Sony To Sell Its Vaio PC and Laptop Business


If you’ve bought a Vaio PC or laptop from Sony recently, you won’t be able to for much longer.

Another sluggish quarter selling VAIO computers forced Sony to agree to sell the brand to Japan Industrial Partners (JIP). The deal was announced in the company’s latest earnings report issued this week. Sony said it will also cut about 5,000 jobs by the end of the year.

The sale to JIP will be finalized in March. Sony will stop sales and manufacturing of VAIO after the Spring 2014 product lineup is announced, the company said.

If your business runs VAIO computers, rest assured. Sony said its customers will get “aftercare customer services” on their VAIO products. When it takes over manufacturing VAIO products, JIP will initially focus on selling them in Japan.

With its sluggish computer division out of the way, Sony said it is going to focus on its more profitable products. Chief among them are smartphones and tablets. The company currently markets the Xperia line of smartphones and tablets in the U.S. The latest, an unlocked high-end Xperia Z1 smartphone, will set you back $600, according to the Sony website.

Smartphones and tablets have done well for Sony recently. In the last earnings reports in late October, Sony said that smartphone sales were up 39.3 percent, according to an Engadget report. In the latest report, Sony said sales of all mobile devices were up 44.8 percent over this time last year. The company said that a higher volume of sales at higher price points has contributed to the success of its mobile products division.

Overall, Sony said it expects to lose $1.1 billion this year. It was expected to actually see a profit of about $300 million when it last forecast its yearly earnings ending in March. Sony said that it experienced a “significant decrease” in PC sales during the last quarter, especially. Last year, the company introduced the VAIO Duo 13, a tablet/laptop hybrid.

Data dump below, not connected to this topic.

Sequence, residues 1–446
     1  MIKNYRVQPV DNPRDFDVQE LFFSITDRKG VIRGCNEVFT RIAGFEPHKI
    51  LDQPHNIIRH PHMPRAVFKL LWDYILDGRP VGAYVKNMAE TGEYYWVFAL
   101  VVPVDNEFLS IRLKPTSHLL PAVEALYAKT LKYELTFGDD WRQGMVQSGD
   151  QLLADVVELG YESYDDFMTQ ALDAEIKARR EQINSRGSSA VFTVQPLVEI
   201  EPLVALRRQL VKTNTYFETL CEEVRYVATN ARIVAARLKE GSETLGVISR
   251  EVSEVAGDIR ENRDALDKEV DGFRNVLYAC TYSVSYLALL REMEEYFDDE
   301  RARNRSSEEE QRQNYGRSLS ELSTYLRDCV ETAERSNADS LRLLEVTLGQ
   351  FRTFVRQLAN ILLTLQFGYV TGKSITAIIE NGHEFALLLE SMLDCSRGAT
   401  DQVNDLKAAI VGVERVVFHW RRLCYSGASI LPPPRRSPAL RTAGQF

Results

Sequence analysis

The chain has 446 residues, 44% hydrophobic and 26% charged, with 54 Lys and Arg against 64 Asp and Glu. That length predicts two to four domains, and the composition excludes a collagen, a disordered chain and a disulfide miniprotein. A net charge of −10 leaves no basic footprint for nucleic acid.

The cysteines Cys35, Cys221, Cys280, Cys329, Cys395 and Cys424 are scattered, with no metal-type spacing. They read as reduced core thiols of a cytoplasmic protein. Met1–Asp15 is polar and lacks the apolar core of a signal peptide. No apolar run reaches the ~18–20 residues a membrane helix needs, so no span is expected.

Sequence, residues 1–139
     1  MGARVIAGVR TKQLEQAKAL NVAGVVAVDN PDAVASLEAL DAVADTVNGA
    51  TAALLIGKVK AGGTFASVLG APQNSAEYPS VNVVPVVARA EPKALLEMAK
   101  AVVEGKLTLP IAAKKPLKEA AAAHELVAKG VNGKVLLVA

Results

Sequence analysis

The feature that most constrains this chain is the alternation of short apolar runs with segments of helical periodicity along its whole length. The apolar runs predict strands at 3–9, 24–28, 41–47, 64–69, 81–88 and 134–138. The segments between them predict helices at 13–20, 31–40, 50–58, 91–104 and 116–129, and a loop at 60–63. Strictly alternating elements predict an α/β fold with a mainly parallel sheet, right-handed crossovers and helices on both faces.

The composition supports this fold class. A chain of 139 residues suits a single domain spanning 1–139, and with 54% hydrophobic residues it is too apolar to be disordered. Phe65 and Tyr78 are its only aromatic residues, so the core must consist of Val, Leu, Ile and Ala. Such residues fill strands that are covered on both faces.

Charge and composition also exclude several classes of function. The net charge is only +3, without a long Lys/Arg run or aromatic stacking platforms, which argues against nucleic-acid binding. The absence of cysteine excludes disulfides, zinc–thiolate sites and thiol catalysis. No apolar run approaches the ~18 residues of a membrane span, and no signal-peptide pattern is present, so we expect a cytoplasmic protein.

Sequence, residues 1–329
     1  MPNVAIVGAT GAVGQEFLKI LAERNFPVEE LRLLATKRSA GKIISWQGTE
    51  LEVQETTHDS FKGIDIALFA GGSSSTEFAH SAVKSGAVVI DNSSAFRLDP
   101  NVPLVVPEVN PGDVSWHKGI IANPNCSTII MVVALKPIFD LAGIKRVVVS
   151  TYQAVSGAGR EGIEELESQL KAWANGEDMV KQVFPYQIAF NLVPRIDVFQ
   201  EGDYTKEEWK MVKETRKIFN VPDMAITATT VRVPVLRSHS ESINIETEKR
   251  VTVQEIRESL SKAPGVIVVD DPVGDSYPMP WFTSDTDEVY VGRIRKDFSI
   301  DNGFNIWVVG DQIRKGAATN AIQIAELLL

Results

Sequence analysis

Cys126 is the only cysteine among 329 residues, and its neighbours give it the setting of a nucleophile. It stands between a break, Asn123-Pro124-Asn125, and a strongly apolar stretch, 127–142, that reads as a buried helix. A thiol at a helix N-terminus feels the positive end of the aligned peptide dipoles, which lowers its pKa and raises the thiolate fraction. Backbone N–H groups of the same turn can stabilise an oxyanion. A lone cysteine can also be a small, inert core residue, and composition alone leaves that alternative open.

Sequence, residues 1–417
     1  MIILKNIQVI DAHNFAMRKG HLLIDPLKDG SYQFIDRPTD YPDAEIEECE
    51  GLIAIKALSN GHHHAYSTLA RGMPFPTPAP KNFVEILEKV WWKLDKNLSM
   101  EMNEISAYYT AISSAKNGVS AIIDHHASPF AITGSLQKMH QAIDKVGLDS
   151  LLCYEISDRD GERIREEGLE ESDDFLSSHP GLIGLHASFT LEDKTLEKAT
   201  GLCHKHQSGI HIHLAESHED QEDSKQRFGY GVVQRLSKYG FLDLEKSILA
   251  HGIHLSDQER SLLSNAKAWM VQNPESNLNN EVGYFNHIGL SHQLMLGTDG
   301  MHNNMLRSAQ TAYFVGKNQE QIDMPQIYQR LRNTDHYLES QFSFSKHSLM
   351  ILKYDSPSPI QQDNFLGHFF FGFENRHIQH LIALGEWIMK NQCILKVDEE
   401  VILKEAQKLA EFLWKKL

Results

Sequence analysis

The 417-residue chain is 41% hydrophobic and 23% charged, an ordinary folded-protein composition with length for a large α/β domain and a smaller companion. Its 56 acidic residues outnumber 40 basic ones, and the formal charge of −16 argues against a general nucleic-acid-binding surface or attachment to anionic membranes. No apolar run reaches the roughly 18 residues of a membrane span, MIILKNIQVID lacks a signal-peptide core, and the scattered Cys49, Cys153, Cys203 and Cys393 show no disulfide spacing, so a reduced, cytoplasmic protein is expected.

Image: Wikipedia


Joshua Sophy Joshua Sophy is the Editor for Small Business Trends and the Head of Content Partnerships. A journalist with 20 years of experience in traditional and online media, he is a member of the Society of Professional Journalists. He founded his own local newspaper, the Pottsville Free Press, covering his hometown.

6 Reactions
  1. I quite like the Vaio – its design. But if it was proving to be a dead weight, I don’t expect Sony to hold onto it for my sake 🙂

    I wonder though how long Sony will offer its aftercare customer service for?

    • I have a feeling Sony will leave their customer’s high and dry wrt support…they may say they will honor their obligations…but honestly I don’t trust them…they want to dump Vaio to get it off their books ASAP…if that means a their Vaio customers go down with the ship then that’s what they will do…it’s all business with the new CEO…personally I think it is a rash decision on Sony’s strategic vision…it seems like a desperate move on their part…with decisions like this I wonder whether Sony will exist as a company in 3 years.

      • Well, let’s hope their customers aren’t left in the lurch. Time will tell.

        I can’t imagine Sony not being around, but big companies have come and gone.

        I don’t blame them for wanting to get rid of something that isn’t working for them. It’s just the aftercare that I’m concerned about in terms of how long they’ll offer it for. Like, if only a year or two years is offered, then what happens after that? Where do customers go?

  2. Where is government regulation when we need it.

    I have a Vaio with Windows XP. Both are no longer supported.

    These things are expensive. College kids need computers. HOW can these kids suffer the consequences of these foreign money grubbers?

    WHere are the black and white cows when we need them? Does anyone in the US actually produce computers?

Win $100 for Vendor Selection Insights

Tell us!
No, Thank You